This post is an excerpt of Health Care Reform Spurs Hospitals to Build Satellite Facilities Elsewhere, originally in the August 17th issue of the Worcester Business Journal.
It's no mistake that, throughout Massachusetts, there's more hospital signage showing up either on commercial sites that had been something else, or on empty land that will give rise to satellite facilities under the umbrella of larger health care systems.
That, in turn, is creating new business for architects and construction companies.
Government pressure to reduce the costs of providing medical services has resulted in a building boom of free-standing medical facilities that provide medical services - particularly surgeries - that no longer need to be performed in a hospital setting.
When outpatient surgical centers debuted in Worcester several decades ago, their main attractions were lower costs and the promise of more efficient patient processing for those who could walk in and walk out.
Today, the emergence of electronic health records that either provide, or promise to provide, intra-system information sharing has created an extra layer of patient comfort for procedures performed outside a full-service hospital.
An increased awareness of the threat of hospital-acquired illnesses is another motivator. Acute-care hospital staff routinely advises patients and their families about the risks of picking up illnesses such as respiratory or digestive infections, which create more cost. These risks are far less in an outpatient setting, where the stays are shorter and the patient base is, overall, healthier.
Also, for the last four years, Medicare has been assessing readmission penalties on hospitals. This year, those penalties are expected to total $420 million nationwide, according to Kaiser Health News. Nearly 2,600 hospitals will receive lower payments based on their readmission statistics, including three-quarters of Massachusetts hospitals, Kaiser reported. Hospitals across the spectrum contend that older or sicker patients skew their performance numbers and that should be taken into consideration in assessing readmission statistics.
All this, plus the push to pay health-care providers based on medical outcomes rather than treatment of conditions, make it more lucrative for health care systems to establish and build their own satellite facilities. For example, UMass Memorial Health Care Inc. will build a $31 million, 40,000-square-foot ambulatory care center with nine operating rooms in Shrewsbury to capture more of the same-day surgery patient base. It's being proposed as a joint venture with Quincy-based Shields Health Care Group, which already has a working relationship with UMass Memorial through two new urgent care centers in Worcester — a third is under construction in Northborough and scheduled to open in October — that provide x-rays, MRIs and other services. The center's opening would result in the closure of 11 of its 51 licensed operating rooms in Worcester, but would not cause any staff reductions, UMass Memorial told the Telegram & Gazette earlier this year.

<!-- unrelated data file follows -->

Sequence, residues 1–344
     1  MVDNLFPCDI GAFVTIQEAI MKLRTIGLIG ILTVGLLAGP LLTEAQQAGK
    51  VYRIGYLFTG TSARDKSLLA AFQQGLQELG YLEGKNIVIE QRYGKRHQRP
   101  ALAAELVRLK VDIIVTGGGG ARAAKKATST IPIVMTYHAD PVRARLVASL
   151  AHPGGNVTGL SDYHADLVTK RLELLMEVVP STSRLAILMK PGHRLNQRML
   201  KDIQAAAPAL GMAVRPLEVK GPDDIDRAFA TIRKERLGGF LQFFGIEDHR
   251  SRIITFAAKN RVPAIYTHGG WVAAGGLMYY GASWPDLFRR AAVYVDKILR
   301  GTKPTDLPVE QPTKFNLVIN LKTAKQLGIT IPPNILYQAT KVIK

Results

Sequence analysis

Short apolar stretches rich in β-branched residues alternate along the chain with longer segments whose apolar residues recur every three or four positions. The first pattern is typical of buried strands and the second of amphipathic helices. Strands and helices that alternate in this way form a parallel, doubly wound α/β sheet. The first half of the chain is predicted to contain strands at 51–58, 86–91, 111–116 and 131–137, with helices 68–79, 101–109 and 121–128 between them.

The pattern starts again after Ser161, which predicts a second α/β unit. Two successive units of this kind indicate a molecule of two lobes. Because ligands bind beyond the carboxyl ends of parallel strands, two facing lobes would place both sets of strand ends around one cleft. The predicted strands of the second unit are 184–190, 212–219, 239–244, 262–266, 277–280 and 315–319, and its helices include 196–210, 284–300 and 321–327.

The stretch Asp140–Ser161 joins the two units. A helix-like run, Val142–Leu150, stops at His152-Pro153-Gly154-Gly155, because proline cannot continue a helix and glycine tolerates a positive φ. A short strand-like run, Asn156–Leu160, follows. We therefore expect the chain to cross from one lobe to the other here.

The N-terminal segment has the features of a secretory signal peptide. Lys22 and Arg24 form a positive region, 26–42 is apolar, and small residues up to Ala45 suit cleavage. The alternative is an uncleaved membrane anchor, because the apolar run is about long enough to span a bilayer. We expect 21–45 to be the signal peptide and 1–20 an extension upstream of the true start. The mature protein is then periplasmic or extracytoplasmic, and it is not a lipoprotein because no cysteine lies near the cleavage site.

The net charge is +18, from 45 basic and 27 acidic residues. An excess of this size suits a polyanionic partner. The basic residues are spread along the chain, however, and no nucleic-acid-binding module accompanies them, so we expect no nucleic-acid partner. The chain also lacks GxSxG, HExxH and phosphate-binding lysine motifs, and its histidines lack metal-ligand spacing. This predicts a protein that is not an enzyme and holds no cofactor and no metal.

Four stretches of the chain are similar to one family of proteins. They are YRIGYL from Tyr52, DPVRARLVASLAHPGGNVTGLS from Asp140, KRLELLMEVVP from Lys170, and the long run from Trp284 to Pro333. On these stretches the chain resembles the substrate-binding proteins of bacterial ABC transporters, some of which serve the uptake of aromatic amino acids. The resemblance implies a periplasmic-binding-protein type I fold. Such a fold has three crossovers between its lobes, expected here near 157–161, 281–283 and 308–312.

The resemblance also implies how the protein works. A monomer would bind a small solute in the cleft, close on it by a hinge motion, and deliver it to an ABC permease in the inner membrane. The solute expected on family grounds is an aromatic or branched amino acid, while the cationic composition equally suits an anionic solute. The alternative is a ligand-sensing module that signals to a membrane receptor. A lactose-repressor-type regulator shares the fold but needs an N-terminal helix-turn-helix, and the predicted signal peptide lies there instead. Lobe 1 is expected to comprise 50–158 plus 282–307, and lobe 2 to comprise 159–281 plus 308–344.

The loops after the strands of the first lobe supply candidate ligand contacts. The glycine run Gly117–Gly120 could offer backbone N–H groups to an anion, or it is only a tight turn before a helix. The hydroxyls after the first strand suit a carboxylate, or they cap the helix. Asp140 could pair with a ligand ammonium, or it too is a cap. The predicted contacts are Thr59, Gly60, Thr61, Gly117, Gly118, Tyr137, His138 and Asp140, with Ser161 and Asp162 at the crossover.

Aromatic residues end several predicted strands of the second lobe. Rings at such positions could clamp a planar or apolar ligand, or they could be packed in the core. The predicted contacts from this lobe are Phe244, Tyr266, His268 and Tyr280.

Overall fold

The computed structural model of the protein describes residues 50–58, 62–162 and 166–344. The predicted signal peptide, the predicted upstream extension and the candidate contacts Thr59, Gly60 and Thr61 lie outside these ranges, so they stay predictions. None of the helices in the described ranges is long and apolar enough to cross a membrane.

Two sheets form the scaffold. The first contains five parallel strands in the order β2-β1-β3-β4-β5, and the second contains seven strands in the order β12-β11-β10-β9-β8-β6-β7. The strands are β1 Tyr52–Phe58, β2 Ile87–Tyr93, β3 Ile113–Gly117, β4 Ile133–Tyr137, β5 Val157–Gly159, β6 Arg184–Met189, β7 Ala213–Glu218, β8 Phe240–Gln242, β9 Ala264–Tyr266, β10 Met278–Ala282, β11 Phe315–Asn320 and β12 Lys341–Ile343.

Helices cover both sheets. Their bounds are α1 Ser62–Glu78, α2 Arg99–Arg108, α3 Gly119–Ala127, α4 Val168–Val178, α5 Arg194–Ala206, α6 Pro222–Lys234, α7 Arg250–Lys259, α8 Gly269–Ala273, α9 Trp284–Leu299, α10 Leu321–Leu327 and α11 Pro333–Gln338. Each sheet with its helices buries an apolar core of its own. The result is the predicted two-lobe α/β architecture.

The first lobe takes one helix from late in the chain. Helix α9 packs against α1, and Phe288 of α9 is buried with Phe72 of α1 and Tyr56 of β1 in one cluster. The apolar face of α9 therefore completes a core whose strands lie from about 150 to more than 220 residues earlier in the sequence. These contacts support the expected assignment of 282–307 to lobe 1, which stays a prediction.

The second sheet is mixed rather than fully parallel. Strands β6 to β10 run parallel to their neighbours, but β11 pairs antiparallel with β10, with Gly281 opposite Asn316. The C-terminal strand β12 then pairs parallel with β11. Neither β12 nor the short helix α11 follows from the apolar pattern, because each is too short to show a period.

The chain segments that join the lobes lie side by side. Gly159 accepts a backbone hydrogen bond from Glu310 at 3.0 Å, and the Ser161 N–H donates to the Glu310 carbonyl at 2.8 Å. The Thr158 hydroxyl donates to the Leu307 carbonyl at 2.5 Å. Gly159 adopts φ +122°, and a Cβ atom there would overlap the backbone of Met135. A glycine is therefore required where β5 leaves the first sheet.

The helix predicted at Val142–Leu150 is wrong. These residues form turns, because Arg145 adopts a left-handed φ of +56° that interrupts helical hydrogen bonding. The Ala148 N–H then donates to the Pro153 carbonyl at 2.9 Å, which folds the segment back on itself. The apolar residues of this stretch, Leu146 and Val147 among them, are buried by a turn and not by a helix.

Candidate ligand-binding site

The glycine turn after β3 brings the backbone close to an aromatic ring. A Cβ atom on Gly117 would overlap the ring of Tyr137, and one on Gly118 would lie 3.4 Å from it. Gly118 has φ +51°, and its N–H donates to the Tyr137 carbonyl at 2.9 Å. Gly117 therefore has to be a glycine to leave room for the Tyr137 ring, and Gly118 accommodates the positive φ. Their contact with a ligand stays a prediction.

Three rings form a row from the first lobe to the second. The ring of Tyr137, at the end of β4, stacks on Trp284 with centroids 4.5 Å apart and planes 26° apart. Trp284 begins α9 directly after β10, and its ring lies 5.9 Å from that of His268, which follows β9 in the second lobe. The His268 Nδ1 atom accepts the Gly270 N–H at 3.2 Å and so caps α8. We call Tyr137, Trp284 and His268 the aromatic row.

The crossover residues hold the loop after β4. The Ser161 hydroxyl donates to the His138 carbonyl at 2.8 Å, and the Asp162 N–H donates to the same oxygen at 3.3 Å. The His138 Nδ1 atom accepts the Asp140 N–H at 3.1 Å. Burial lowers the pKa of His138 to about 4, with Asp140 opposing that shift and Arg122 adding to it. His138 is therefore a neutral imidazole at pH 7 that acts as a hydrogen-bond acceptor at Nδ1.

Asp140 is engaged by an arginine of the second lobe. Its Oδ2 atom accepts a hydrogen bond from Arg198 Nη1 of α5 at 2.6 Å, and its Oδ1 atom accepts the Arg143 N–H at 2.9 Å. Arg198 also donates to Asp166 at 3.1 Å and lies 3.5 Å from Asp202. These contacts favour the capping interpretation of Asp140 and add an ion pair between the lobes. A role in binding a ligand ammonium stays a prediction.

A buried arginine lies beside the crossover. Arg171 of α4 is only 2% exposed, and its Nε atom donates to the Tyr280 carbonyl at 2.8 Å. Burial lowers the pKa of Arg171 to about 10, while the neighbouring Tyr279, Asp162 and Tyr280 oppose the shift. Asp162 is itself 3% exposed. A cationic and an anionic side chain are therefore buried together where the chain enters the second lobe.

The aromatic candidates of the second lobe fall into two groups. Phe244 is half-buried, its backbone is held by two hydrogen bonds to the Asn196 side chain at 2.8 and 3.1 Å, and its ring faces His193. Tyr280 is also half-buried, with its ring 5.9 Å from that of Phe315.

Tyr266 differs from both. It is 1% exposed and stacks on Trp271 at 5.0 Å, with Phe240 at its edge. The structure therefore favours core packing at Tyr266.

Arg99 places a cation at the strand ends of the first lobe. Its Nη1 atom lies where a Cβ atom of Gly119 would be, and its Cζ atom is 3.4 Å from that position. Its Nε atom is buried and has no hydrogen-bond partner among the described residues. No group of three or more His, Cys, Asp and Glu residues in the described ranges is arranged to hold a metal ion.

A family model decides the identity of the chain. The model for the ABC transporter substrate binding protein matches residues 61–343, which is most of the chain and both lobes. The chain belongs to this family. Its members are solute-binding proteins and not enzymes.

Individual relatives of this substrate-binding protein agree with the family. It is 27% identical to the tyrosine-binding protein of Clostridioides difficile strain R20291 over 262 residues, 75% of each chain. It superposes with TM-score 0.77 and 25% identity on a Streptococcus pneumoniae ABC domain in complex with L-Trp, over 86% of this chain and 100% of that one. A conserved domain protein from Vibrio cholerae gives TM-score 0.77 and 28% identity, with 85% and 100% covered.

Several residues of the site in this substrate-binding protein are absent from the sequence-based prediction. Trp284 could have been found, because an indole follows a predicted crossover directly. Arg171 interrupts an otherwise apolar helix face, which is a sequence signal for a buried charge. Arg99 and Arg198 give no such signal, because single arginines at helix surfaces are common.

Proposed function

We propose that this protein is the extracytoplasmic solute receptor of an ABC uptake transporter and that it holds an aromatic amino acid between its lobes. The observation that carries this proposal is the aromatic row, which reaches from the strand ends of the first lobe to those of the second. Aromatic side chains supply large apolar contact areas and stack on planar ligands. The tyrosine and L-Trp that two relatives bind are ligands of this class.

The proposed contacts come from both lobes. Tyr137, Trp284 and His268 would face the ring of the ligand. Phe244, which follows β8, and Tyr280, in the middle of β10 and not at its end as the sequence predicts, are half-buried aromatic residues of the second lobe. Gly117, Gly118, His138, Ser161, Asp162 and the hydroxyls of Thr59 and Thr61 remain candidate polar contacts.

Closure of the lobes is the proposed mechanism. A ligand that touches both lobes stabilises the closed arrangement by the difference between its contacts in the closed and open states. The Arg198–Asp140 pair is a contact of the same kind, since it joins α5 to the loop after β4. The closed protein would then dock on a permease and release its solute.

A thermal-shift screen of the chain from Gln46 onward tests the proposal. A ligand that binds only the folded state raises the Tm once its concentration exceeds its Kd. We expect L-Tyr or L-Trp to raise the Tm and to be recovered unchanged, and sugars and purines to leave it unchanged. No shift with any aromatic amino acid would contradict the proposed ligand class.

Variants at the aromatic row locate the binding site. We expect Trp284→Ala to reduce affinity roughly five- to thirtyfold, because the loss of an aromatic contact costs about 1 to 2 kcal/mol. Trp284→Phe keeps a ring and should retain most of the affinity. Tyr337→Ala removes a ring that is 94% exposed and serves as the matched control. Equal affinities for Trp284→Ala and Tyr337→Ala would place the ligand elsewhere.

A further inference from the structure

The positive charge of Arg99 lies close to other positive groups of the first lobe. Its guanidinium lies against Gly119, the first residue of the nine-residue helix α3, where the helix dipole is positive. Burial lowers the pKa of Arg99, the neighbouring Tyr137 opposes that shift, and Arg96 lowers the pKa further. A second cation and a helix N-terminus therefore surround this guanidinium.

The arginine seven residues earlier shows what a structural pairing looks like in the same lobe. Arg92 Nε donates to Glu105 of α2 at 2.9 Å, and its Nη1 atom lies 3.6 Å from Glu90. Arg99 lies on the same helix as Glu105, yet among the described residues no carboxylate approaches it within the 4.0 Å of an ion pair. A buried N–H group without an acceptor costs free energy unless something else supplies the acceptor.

Enter the architects and builders
Maugel Architects, in Harvard, has been working with hospitals and medical facilities for 20 years. Among its projects are a 20,000-square-foot physicians' office in Harvard and a similarly sized outpatient facility in Sudbury, a satellite of Emerson Hospital in Concord.
"There is a move away from centralized services, based at large academic medical centers, to a distributed model where health care is being delivered at the neighborhood level," says Jonathan Cocker, of Maugel, who manages the firm's health care business segment. "The hospitals are expanding into the primary-care market by setting up urgent care facilities and/or primary care facilities that are feeders to hospital services."
Insurers' use of a preventive model, in which primary care doctors, rather than emergency rooms, deliver care, is also contributing to the economic viability of freestanding facilities, according to Cocker. That's because of the high cost of acute-care health services. "Massachusetts has the most expensive hospitals in the country," Cocker says.
In response, hospitals are starting to own, or are being closely affiliated with, primary-care practices and urgent care facilities. "The hospitals handle the logistics of running the facilities and the doctors have more time to take care of patients," Cocker says.
Another incentive that favors free-standing facilities: They don't require a more elaborate Determination of Need certificate, as do acute-care hospitals. Says Maugel's Cocker: "The hospitals make the decision whether or not to build based on market demand. If their analysis predicts that they can make money, they'll build."